By MIRANDA ENZOR
COMPASSIONATE PEOPLE: From left, Resonance board member Cari Marshall and Resonance Executive Director Penny Painter stand in front of a portrait of their founder, Eleanor Hill. Resonance will begin a new business venture called CertiRestore of female ex-offenders this summer.
MIRANDA ENZOR for GTR Newspapers
To resonate means to affect an object in a way that has profound impact. The morning tide creates waves in a calm ocean. A rock thrown creates ripples across a pond. Each produces a lasting effect. In Tulsa, Resonance also means a non-profit organization making huge strides to help local female ex-offenders make positive changes in their lives.
Eleanor Hill founded Resonance in 1977 with the mission to “provide services leading to self-sufficiency for women and families experiencing challenge, change or adversity in their lives.” This mission is accomplished through a number of interventions, prevention and support services offered through the community and judicial system. Resonance volunteers primarily work one-on-one with clients to instill a sense of safety and professionalism.
Resonance is celebrating its 30th Anniversary in 2007. In addition, the program is also launching a new program to begin operations this summer called CertiRestore, which will give female ex-offenders a paying job as they make efforts to change their lives. CertiRestore will be formally introduced to Tulsa at a gala celebration in the fall. Former board president and current board member Cari Marshall is one of the members most excited for this new venture.
Marshall became involved with Resonance shortly after moving to Tulsa in 2001 as owner and operator of L&M Office Furniture with her husband Gordon.
“June Patton, a long-time employee of L&M, got me interested in Resonance soon after I arrived,” Marshall says. “June had been volunteering her time with this organization for several years and suggested I consider becoming a member of the board of directors.”
Marshall joined as a board member in 2003 and served a one-year term as board president in 2006. Besides her work with various committees at Resonance, she is serving as a committee member in the CertiRestore program.
The CertiRestore project consists of revamping a furniture restoration franchise, which will provide paying jobs and training for Resonance clients.
“The biggest problems these women face upon leaving the system are finding jobs, homes and childcare,” Marshall says. “Putting a steady paycheck in their hands while they continue as a part of a monitored program goes a long way towards creating self-sufficiency. It’s a very exciting program.”
By opening the furniture store, Resonance board members hope to fill a specific niche for high-quality repair and restoration services while teaching clients lasting and relevant job skills. Once they have become stable, Resonance hopes these women will be able to transfer into other employment opportunities.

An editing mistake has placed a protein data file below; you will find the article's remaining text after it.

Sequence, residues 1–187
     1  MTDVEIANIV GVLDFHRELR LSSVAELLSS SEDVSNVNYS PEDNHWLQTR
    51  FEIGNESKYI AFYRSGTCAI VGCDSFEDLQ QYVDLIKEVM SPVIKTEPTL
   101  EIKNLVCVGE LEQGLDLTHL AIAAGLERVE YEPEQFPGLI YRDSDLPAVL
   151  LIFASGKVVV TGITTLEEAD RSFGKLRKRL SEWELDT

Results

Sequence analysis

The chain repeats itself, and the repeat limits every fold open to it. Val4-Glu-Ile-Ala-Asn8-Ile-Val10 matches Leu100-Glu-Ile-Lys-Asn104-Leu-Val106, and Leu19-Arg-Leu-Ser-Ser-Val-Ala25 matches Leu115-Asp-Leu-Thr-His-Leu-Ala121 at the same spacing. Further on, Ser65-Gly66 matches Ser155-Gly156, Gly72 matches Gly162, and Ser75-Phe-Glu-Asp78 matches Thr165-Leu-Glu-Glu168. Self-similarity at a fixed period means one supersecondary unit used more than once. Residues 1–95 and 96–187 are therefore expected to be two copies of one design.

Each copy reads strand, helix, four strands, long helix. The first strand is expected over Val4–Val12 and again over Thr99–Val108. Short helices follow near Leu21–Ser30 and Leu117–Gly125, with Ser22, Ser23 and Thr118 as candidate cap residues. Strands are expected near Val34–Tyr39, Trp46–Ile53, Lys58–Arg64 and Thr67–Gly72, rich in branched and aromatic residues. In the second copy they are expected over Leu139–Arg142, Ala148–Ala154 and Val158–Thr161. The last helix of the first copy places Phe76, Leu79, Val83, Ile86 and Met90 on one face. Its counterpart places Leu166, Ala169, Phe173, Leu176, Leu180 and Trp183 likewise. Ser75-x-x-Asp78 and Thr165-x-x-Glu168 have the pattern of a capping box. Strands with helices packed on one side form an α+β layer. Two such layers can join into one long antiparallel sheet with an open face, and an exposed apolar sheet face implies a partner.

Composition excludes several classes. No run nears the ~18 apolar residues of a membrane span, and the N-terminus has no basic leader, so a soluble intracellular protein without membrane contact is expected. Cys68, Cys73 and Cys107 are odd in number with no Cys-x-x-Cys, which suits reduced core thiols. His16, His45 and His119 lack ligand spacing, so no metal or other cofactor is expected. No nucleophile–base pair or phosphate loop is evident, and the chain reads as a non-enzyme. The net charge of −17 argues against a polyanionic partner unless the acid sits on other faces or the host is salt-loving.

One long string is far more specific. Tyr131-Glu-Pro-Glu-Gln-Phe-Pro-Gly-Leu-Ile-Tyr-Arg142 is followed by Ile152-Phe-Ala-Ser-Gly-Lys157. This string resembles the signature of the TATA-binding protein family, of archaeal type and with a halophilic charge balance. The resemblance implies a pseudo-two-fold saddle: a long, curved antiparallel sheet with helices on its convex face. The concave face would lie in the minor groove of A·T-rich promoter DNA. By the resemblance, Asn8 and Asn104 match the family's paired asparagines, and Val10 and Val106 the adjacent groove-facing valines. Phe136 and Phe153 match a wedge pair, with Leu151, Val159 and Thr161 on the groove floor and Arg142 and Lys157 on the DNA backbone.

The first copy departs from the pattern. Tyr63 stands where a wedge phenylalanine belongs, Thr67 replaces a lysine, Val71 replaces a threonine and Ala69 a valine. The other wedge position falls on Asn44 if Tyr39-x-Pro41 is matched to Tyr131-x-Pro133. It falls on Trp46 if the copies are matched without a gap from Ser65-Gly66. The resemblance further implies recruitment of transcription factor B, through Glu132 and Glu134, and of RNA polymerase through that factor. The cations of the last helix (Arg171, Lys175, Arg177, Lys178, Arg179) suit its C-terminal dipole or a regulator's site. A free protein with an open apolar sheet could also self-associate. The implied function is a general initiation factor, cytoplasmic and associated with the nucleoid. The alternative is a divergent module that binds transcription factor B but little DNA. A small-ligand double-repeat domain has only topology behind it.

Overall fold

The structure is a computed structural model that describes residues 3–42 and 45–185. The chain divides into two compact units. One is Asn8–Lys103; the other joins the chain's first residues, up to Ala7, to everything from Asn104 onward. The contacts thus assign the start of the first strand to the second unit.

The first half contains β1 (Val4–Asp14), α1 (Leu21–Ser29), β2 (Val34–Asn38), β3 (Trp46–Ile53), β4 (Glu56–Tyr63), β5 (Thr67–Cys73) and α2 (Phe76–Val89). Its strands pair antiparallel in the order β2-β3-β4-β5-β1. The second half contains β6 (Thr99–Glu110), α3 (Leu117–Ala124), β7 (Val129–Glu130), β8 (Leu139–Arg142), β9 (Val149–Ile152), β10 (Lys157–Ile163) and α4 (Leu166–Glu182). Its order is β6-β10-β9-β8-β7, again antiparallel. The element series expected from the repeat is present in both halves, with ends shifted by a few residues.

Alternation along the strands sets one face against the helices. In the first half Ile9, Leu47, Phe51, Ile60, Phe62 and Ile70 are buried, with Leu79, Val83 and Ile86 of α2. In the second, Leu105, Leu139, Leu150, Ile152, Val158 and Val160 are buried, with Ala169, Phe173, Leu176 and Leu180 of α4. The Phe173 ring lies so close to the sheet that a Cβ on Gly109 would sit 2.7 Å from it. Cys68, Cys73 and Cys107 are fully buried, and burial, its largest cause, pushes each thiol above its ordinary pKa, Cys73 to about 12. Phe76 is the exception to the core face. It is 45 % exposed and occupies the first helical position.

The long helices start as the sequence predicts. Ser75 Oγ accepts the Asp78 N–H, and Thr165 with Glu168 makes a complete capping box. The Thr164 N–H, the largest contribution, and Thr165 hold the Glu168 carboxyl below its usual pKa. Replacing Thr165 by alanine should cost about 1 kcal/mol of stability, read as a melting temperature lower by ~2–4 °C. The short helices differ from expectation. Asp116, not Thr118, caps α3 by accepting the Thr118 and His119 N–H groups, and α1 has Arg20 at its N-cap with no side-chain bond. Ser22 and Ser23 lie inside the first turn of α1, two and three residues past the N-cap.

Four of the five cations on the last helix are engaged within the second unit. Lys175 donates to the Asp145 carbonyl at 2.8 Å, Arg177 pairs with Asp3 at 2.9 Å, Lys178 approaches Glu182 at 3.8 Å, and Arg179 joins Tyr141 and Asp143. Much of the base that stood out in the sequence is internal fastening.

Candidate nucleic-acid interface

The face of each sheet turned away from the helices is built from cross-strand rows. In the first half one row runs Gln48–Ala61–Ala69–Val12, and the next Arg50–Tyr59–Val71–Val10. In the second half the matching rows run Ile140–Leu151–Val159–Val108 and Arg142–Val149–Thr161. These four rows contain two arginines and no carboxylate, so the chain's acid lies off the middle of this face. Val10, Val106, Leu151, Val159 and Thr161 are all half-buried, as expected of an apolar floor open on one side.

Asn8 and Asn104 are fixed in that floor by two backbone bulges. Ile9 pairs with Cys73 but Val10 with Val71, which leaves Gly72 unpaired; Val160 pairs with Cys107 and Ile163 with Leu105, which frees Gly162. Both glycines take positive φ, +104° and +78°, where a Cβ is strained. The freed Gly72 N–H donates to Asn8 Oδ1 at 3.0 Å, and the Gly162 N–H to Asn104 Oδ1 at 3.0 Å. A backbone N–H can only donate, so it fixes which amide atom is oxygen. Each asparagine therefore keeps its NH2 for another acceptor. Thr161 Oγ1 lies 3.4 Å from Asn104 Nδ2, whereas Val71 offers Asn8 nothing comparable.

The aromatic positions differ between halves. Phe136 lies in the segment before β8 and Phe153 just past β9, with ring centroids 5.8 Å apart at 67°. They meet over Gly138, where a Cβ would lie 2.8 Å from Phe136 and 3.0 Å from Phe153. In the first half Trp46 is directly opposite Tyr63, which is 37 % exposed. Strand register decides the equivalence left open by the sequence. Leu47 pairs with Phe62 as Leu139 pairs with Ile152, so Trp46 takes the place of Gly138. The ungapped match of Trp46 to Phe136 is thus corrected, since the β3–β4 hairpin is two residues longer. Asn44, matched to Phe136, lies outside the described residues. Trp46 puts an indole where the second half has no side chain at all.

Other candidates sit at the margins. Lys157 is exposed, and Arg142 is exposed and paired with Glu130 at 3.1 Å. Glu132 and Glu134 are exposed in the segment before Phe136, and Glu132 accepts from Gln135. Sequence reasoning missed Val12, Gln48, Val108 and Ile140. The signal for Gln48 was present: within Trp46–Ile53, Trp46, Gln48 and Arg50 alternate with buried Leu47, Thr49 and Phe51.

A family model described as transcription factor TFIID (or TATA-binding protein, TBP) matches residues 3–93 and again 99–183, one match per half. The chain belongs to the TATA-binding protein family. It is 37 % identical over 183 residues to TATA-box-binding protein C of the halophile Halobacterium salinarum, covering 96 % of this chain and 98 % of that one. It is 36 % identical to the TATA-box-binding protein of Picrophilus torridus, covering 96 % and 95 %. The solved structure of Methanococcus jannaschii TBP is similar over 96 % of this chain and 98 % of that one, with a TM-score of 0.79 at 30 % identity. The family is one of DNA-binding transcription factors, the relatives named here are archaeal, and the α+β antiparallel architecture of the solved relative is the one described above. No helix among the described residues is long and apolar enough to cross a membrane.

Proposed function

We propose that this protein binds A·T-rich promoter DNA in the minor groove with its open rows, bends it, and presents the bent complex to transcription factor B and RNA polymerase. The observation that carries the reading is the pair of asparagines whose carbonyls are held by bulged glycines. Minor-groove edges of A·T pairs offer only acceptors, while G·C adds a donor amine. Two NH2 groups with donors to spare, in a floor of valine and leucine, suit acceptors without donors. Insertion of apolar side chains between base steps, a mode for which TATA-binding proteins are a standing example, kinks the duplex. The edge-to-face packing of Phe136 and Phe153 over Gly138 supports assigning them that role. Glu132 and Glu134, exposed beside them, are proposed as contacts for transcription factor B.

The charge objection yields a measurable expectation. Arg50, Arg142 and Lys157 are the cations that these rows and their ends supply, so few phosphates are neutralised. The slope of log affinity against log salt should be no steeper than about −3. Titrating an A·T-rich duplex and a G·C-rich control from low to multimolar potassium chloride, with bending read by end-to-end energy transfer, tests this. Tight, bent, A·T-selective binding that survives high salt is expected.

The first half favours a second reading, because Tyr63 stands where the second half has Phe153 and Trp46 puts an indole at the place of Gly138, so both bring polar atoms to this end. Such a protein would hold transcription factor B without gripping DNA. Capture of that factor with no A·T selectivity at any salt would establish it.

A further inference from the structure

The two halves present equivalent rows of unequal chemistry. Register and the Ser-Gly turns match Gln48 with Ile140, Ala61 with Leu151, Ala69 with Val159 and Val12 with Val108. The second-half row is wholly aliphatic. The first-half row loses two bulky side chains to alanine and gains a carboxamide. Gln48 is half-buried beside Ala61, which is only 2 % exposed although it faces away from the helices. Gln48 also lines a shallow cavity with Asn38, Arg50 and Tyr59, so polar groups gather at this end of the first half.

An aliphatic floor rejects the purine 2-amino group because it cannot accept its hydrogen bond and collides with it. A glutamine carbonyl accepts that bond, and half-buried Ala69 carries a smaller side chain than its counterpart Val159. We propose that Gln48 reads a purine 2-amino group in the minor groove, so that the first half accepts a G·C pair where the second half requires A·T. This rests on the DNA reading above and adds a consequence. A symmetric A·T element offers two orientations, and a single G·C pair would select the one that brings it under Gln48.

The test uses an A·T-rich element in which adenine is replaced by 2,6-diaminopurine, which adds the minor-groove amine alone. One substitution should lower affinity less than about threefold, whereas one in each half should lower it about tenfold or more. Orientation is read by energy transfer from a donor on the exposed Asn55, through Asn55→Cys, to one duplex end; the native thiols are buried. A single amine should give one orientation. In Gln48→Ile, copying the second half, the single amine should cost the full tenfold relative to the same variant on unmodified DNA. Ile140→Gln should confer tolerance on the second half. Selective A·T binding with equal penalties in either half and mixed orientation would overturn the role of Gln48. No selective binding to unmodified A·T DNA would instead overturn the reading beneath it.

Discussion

“The ultimate goal is to break the cycle, giving these women a real chance to learn from the skills that will allow them to support themselves and their families,” Marshall says. “Because this is a franchise, the techniques and tools are already identified and we have sent people to headquarters for training.”
Resonance has designed an intensive interviewing and qualifying process to screen applicants for the positions at the store. Once clients receive jobs, they will work as a member of the program for 18 to 24 months, learning everything from hands-on refinishing to sales, customer service, bookkeeping and managing inventory and operation. In addition to paychecks, the women will have full insurance coverage. They will also train and mentor their replacements as they prepare to exit the program.
“The idea is ‘each one reach one, each one teach one,’” Marshall says.
As a volunteer, Marshall has served as a member of the CertiRestore Steering Committee which required her to do extensive research and business planning while putting together the program. She also helped guide board members through key decisions to purchase the franchise and finance start-up costs.
“Resonance is a non-profit organization, so fundraising is a key part of starting up any new program,” Marshall says.
Currently, Resonance is finalizing decisions regarding the furniture store building. Once completed, members look forward to major cleaning and painting to prepare the equipment placement and ultimately begin the operation.
“My background includes assembly line flow and process improvement, so I am delighted to get to use those skills to the betterment of Resonance,” Marshall says. “I also wield a mean paint brush!”
Aside from seeing the store up-and-running, Marshall looks forward to the impact CertiRestore will have on the Tulsa community.
“Most Oklahomans are aware of the fact that we incarcerate more women per capita here than anywhere else in the world. Many of these women are released into the Tulsa community. With few marketable skills, little or no money and no positive support network, it is understandable why they end up recidivating.
“The CertiRestore program is designed to address the most pressing problems the women face: meaningful employment, support from women who understand, therapy for substance abuse issues and mental illnesses caused by trauma and the development of skills that will prepare them for future employment opportunities.
Involvement in this program will reduce the relapse rate among this population and create responsible tax-paying citizens who are capable of taking care of their children and their own lives rather than relying on Tulsa to support them.”
For more information on the services that Resonance provides or on the CertiRestore business program, contact Resonance at 587-3888 or visit www.resonancetulsa.org.